Incompetence, Competence and Leadership

"Conscious Competence" is one of those foundational concepts I learned in a leadership development course that has stuck with me over time. Sometimes we're so eager to buy - or sell - a silver bullet that we overlook the tools that are already out there.  

The model at the right is based on work created decades ago by Noel Burch. Originally described as the "Four Stages of Learning," his theory is one of the foundational leadership concepts that STILL helps people understand what is going on in the organization, why others are behaving in certain ways, and their own behavior. All of this can help us be more effective leaders - both informally and formally.

The concept is pretty simple. The vertical axis matrix is "consciousness" and the horizontal axis is "competence." A learner starts in the lower left quadrant, moves upwards, then to the right, then down again. Understanding these stages, the "states of competence," can help you understand and relate better to others as a leader, team mate, and change agent. Some people use the term "skill" instead of "competence." I've come across more people who recognize it as the "conscious competence" model, so I usually stick with that language.

Q1: UNCONSCIOUSLY INCOMPETENT (unconsciously unskilled)

Have you ever been stumped as to why someone is doing something a certain way and wondered, "What the heck are they thinking?! Why would anyone do it that way?!"  It could be, that's all they know - and they don't realize what they COULD know.  In Q1:

  • We don't know what we don't know.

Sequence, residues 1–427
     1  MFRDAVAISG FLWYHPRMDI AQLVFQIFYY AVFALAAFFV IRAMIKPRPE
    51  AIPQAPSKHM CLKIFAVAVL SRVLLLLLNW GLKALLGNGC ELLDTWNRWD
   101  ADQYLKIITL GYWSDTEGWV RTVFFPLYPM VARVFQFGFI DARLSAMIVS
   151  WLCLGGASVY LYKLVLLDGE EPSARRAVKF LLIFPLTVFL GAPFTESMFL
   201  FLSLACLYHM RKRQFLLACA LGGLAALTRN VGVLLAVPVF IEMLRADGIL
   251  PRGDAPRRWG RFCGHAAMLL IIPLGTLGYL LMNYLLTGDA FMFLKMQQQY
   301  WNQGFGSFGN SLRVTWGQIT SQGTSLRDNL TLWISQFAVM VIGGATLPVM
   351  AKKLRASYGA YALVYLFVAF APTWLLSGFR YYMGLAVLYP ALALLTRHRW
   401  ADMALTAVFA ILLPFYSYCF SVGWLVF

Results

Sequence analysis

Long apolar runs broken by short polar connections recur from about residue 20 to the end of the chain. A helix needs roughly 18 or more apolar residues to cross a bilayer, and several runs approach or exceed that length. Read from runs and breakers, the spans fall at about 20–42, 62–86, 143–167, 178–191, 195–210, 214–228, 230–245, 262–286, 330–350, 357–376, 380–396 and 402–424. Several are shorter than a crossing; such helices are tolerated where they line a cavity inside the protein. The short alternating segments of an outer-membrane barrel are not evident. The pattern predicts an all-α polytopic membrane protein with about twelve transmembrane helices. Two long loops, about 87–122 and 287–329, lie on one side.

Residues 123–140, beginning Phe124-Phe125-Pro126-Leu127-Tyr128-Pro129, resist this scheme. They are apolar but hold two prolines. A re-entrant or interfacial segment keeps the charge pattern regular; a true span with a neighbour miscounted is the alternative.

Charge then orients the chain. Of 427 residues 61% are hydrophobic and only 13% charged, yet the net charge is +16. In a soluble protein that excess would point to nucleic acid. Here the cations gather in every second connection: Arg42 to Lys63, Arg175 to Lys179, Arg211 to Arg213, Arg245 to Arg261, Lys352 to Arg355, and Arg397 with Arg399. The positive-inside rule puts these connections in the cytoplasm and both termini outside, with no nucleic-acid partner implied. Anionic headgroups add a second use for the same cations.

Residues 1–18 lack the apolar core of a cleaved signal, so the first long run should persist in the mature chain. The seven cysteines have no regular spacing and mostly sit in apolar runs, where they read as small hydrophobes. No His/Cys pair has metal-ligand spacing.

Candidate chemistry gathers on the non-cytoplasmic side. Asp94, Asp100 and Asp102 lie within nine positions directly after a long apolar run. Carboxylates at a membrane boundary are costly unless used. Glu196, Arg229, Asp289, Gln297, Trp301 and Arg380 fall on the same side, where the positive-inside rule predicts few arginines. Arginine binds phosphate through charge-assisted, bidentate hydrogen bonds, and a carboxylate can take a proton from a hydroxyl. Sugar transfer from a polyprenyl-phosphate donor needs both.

• We're probably not trying very hard to learn a new way to do it.

  • We may think everything is just fine.

  • We may over-estimate our ability to do something because we aren't aware that we don't have the skills we need.

The Impact:

  • If we underestimate the situation, we could fail miserably.

  • We could also be really annoying & frustrating to others who actually realize what is going on.

  • Hopefully, those who really understand what is going on will have grace, patience, and the emotional intelligence to treat us with respect.

Leadership Skills to Use or Develop:

  • To avoid spending too much time in Q1, where you have blind spots, ask others for feedback using open-ended questions, such as:

    • "What am I missing?"

    • "What else should I be thinking about?"

    • "What else do you see?"

  • When you are leading or working with others in Q1, practice coaching skills and self-management.

    • Coach people by asking similar open-ended questions, like "What's another way to look at that?"

    • Practice self-management: Don't lose your patience or your cool. Recognizing that this is part of the learning process helps with patience.

    • Sometimes you'll need to be directive: "This time around, we need to do it this way and here's why. I'd like you to be involved, so let me know what questions you have." Key to this approach is being directive when it's what the learner needs, a leadership approach we learn from Ken Blanchard's Situational Leadership work. Balance being direct with being respectful - and make sure you answer questions and debrief along the way.